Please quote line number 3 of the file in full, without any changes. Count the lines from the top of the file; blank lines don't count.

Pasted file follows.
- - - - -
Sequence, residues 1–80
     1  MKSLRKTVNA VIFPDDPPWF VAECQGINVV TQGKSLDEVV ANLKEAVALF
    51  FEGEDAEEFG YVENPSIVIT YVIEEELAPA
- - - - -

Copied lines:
    51  FEGEDAEEFG YVENPSIVIT YVIEEELAPA